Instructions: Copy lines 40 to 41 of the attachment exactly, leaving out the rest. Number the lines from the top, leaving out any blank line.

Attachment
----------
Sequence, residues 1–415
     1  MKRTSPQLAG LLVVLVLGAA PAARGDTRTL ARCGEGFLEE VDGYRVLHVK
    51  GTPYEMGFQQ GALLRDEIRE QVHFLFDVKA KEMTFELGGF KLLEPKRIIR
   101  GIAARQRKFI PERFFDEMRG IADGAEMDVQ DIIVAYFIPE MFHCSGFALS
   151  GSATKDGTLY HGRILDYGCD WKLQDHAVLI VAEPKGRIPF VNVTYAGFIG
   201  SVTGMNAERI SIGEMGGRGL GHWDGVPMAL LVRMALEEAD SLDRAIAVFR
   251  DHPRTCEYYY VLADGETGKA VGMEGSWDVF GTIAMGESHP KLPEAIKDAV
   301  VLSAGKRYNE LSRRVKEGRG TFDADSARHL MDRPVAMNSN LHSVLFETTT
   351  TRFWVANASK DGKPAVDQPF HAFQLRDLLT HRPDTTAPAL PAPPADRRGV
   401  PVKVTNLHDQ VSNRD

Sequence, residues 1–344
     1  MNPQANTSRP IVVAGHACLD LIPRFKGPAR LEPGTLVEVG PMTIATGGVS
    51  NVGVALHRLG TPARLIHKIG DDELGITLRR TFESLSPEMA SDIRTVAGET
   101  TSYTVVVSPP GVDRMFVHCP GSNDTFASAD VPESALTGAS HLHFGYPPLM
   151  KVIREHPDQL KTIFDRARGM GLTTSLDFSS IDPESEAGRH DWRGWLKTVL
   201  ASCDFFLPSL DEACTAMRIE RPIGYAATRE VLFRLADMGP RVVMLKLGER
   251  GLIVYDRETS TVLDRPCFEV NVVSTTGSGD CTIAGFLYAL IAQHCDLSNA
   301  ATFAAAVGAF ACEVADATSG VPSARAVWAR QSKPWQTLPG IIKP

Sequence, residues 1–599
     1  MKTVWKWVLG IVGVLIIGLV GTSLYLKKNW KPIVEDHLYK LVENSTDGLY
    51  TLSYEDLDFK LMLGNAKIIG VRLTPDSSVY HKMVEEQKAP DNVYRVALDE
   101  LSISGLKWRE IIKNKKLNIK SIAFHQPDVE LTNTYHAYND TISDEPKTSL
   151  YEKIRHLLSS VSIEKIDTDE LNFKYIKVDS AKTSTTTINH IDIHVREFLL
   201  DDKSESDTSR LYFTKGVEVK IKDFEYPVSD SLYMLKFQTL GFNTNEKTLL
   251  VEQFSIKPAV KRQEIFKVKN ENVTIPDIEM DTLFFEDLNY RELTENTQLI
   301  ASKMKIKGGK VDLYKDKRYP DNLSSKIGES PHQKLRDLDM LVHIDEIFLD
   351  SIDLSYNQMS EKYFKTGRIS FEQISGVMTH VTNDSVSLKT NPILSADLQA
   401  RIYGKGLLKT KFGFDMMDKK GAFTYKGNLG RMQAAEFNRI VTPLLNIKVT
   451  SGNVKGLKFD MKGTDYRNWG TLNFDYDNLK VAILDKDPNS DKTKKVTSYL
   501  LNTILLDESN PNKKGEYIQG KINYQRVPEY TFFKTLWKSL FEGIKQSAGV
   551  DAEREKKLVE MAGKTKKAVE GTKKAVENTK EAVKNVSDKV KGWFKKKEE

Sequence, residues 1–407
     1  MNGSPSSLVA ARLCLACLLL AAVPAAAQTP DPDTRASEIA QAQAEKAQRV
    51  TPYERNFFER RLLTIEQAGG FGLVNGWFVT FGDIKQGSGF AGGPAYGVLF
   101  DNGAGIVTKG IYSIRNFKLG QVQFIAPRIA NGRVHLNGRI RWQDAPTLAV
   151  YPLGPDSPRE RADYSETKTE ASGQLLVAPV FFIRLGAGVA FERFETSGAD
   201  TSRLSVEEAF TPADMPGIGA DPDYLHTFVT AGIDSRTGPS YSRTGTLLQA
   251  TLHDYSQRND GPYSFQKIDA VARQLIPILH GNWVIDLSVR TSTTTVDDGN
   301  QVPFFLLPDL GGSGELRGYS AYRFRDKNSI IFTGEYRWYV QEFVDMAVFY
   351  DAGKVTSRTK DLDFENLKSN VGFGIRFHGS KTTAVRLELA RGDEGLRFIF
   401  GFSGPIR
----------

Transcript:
   351  DAGKVTSRTK DLDFENLKSN VGFGIRFHGS KTTAVRLELA RGDEGLRFIF
   401  GFSGPIR